It seems that the anticipation and the outcome of a football match comes secondary to the big question in the media this week.
United skipper Patrice Evra is the current talking point for this weekend, putting the Liverpool v Manchester United FA Cup 4th round showpiece in to the shade somewhat. The “will he, wont he” soap opera has well and truly begun in the press, with a promised ‘cauldron of hate’ shot his way if he plays at Anfield, and accusations of either player or club bottling it if he doesn’t.
But, as ever in football, there are a number or things to weigh up in such circumstances. Evra, racially abused by Liverpool striker Luis Suarez in October has stated he wants to play. But with the Liverpool supporters backing their Uruguayan who was found guilty of the charges brought against him, he’ll be singled out by sections of the crowd on Saturday.
Red Flag Flying High writers Saad Noor and Nathon Woodhead discuss whether he should play or not.
Yes – Saad Noor
There’s no question in my mind that Patrice Evra should start tomorrow lunchtime. The outspoken, and often controversial, Frenchman has often complained about these early fixtures (and how strange it was to down a bowl of Spaghetti Bolognese at 9am in the morning on his debut at Eastlands back in 2006) but won’t need convincing tomorrow.
First things first; he’s our captain. We’re going to, arguably, the toughest away ground in the country and our squad is already crippled with injuries as it is. So to take one of our certain-starters out of the firing line is the wrong way to go. What message would that be sending out to Liverpool? They’d be buoyed by the decision and, let’s be honest, we cannot trust the Da Silva twins to last 90 minutes whether that be down to injury or indiscipline.
Evra is also enjoying his best form in almost 18 months as he has struggled to reach the consistency levels of his heyday between 2007 and 2010. He was voted Man of the Match against Arsenal last week and to drop him may sink his confidence even if they are with the best intentions.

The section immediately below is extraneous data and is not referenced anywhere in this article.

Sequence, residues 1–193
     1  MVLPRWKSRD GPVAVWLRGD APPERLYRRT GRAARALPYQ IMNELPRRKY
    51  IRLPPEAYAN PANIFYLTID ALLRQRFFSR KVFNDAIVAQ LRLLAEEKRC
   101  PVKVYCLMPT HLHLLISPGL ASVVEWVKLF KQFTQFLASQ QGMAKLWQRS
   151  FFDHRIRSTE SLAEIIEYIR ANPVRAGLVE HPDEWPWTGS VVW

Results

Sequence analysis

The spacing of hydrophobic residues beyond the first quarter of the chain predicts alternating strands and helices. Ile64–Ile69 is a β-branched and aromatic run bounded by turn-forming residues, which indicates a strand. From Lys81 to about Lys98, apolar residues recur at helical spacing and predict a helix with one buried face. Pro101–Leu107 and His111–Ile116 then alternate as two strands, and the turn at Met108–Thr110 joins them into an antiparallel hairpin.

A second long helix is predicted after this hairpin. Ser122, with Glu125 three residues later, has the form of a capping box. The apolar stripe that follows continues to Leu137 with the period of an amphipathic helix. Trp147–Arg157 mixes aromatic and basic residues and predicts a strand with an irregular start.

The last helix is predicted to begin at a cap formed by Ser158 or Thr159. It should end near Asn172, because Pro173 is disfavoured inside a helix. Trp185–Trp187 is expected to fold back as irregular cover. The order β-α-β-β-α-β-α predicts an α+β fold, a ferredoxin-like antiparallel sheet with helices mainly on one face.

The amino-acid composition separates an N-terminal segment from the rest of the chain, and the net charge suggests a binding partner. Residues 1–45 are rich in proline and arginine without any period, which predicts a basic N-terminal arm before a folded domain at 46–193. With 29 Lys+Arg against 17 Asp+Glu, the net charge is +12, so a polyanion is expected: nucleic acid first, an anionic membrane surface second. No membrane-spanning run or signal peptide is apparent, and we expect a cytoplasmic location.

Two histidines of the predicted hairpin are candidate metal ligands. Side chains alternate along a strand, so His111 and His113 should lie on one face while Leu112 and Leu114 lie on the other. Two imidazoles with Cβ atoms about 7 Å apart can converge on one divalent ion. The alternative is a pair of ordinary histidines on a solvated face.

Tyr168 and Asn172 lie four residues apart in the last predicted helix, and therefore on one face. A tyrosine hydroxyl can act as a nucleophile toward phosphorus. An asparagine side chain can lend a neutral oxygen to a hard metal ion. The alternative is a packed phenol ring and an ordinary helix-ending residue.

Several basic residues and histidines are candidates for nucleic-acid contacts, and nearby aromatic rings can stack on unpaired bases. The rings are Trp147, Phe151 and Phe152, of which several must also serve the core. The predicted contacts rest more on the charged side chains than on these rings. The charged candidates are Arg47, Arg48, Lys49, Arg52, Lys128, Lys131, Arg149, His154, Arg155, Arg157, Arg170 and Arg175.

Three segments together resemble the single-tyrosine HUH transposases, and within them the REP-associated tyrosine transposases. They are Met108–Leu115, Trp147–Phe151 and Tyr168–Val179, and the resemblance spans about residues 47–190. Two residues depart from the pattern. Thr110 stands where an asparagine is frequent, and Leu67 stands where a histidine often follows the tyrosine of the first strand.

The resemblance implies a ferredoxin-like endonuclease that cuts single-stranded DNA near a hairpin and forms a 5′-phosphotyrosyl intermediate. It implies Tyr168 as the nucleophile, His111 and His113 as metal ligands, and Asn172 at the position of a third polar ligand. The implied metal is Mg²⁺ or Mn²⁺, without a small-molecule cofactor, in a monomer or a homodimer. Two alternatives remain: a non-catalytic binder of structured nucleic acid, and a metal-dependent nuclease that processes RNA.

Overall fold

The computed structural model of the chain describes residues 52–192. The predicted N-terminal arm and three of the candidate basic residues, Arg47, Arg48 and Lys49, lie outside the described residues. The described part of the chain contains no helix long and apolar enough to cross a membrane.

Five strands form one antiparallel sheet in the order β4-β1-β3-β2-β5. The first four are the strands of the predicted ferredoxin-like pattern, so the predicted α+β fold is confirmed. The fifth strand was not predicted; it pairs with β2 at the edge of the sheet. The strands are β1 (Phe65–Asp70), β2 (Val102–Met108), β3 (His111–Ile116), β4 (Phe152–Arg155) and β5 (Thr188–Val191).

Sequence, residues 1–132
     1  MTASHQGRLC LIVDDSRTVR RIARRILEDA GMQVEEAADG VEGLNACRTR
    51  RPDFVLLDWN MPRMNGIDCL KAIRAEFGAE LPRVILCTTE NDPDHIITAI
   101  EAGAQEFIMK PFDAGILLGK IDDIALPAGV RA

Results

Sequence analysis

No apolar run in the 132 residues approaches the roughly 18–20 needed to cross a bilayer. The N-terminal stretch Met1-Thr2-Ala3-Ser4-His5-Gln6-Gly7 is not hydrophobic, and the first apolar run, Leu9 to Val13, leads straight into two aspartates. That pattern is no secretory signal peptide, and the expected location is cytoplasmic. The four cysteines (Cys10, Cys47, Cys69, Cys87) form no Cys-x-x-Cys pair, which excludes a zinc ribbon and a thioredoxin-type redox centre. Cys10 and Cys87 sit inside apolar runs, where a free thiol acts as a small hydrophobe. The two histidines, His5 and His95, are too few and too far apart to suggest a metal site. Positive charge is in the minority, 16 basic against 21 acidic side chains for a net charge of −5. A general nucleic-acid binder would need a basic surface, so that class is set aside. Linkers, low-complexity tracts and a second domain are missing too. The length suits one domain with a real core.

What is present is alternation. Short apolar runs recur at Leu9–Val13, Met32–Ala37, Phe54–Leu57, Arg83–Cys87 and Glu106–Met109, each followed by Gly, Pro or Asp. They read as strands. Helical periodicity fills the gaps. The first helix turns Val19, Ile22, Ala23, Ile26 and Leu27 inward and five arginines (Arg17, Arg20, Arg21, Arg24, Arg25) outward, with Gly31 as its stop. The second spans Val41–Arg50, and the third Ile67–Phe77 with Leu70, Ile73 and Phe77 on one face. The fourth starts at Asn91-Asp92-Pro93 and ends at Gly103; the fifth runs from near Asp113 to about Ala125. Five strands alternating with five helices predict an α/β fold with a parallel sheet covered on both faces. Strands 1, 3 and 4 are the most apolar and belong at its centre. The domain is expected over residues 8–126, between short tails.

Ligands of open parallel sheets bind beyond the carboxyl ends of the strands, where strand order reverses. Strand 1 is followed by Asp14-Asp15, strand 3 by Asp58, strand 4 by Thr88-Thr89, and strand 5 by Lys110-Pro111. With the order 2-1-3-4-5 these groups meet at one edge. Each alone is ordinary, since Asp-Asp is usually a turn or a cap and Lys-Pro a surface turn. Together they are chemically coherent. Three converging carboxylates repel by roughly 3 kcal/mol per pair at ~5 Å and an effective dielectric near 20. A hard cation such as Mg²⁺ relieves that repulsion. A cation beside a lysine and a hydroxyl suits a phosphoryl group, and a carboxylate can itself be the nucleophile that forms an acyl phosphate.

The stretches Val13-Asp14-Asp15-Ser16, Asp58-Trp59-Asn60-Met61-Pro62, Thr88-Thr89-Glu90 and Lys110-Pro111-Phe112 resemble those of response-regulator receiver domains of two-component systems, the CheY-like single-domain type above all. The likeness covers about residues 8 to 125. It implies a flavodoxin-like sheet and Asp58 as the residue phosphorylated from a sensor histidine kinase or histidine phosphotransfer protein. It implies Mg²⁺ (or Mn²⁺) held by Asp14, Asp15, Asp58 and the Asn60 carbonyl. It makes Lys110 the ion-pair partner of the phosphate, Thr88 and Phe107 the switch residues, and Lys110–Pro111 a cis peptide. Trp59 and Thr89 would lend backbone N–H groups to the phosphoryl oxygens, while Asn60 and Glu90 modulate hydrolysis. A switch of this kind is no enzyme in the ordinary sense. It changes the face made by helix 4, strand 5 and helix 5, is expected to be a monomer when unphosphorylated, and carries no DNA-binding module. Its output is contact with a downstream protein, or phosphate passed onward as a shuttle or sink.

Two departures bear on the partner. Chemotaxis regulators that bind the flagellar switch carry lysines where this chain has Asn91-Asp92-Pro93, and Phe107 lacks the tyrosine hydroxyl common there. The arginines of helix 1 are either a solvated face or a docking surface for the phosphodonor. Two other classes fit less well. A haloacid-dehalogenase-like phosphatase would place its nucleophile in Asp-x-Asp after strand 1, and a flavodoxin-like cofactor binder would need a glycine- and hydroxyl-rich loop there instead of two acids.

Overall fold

Evra is a bona fide winner and thrives on conflict. He was the apparent ringleader in France’s mutiny at the 2010 World Cup and has had other clashes including a dispute with a Chelsea groundsman and isn’t very popular in North London either after saying: “It was 11 men against 11 babies” after a 4-1 aggregate win over the Gunners in the Champions League semi-final in 2009.
He had no trouble dealing with their constant abuse and he will be equally professional tomorrow.
“But Anfield is different”, I hear you mutter… Well Gary Neville played against the Scousers in 2006 after his now infamous celebration for Rio Ferdinand’s last-minute winner at Old Trafford, and given that contributors to Liverpool’s Through the Wind and Rain fanzine threatened a “lynching” while urging Neville-haters to “stock up on tar and feathers” it wasn’t too bad for Red Nev (apart from having a burger tossed at him when taking a throw-in).
I think what some people are forgetting here is that, unlike Neville, Evra is the victim here and has nothing to shy away from. Should Liverpool supporters be stupid enough to abuse him, in any way, then it just goes to show what kind of people they are.
No – Nathon Woodhead
Do we all remember the huge news surrounding the game at Anfield on October 15th which finished Liverpool 1-1 Manchester United? A result which has been totally overshadowed by other areas of complete media focus.